Our members have a part to play to protect their privacy and information when they use Online Banking.
Together your account number and your Personal Access Code (PAC) are the "keys" that unlock your information in Online Banking.
Use the tools provided by Prospera to prevent your information from being compromised:
Always follow the best practices of personal computing to prevent your information from being compromised:
Keep your eyes open for potential scams related to the Coronavirus pandemic during these times.
Below are some examples of the types of things that someone could receive and should be cautious of:
Remain cautious, and always remember the following to protect yourself from scams like this:
As a reminder, we advise all of our members to be alert of suspicious activity online. Please always remember to use safe internet and email practices. Your security remains our top priority during these times and we encourage all members to review our simple fraud precautions to ensure you stay protected.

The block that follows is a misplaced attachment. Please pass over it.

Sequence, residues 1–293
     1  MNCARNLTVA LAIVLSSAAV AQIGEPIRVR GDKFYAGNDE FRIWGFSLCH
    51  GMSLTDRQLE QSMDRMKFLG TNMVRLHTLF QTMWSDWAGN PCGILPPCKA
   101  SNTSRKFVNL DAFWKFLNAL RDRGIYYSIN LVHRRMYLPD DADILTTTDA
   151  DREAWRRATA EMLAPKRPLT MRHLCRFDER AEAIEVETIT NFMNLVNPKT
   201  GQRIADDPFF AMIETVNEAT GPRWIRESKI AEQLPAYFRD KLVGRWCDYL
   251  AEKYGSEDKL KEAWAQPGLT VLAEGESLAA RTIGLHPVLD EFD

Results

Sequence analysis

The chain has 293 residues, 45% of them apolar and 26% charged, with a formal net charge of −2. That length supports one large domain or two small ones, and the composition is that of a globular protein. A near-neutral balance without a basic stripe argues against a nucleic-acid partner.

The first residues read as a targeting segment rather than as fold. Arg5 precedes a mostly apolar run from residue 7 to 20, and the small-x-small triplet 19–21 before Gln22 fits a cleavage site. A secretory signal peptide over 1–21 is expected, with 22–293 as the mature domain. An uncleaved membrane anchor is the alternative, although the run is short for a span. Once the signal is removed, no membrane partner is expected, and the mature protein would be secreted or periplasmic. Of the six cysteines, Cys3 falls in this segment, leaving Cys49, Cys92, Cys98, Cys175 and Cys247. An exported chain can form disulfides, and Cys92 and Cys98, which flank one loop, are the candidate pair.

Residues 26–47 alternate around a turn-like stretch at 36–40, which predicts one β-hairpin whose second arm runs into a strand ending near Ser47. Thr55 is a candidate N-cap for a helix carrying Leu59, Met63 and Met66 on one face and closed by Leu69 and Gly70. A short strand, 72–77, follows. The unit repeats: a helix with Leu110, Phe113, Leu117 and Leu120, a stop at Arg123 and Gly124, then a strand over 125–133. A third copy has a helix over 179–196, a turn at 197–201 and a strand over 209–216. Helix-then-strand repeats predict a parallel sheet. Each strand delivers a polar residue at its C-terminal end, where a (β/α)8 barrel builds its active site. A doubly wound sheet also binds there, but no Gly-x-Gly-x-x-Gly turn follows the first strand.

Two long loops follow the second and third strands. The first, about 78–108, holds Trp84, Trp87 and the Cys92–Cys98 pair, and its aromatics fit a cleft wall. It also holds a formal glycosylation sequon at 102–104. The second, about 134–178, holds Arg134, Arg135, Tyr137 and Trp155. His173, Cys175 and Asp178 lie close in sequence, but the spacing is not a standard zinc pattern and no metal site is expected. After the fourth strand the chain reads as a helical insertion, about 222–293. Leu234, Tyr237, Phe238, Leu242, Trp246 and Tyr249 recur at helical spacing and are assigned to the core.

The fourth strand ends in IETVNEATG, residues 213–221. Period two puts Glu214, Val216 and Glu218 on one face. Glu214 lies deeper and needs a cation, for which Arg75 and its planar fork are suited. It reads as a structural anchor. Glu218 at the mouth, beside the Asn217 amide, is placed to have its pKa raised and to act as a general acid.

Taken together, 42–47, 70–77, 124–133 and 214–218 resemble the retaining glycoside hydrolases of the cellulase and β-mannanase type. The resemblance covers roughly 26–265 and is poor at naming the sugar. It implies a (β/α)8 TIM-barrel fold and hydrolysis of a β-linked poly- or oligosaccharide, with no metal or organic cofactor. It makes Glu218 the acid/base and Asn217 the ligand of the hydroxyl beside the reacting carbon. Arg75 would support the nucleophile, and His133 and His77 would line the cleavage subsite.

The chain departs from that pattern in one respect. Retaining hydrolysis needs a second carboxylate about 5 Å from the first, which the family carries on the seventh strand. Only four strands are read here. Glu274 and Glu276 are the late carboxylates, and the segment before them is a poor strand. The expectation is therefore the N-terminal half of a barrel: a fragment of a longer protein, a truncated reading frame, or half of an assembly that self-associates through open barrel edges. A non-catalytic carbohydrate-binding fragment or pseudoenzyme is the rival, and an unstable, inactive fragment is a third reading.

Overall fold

Online credentials can be numerous as they are needed for email accounts, social networking sites, online newspapers and shopping websites. That’s a lot of usernames and passwords – and it can be tempting to use the same combination for everything. But this makes it far too easy for hackers because once they have one password, they can access all your sites. Login credentials are the keys to your accounts so don’t leave those keys around for anyone to find. For online banking, the key is your password. We recommend you:
Frequently reviewing your paper and/or electronic account statements and/or registering for our transaction alert system ensures that you spot any incorrect or fraudulent transactions as soon as they occur. If your card has been skimmed (when the card’s magnetic stripe and PIN are fraudulently copied by embedded devices at ATMs or point-of-sale devices) or unauthorized transactions have been made, you will want to catch this as soon as possible. Every time you receive an account statement, verify you made all the transactions or let us notify you whenever there has been movement in your accounts (with the transaction alert system).
When you move, it is important to notify us of your change of address. If your mailing information isn’t up-to-date, statements or letters that contain personal information will continue to be sent to your former address.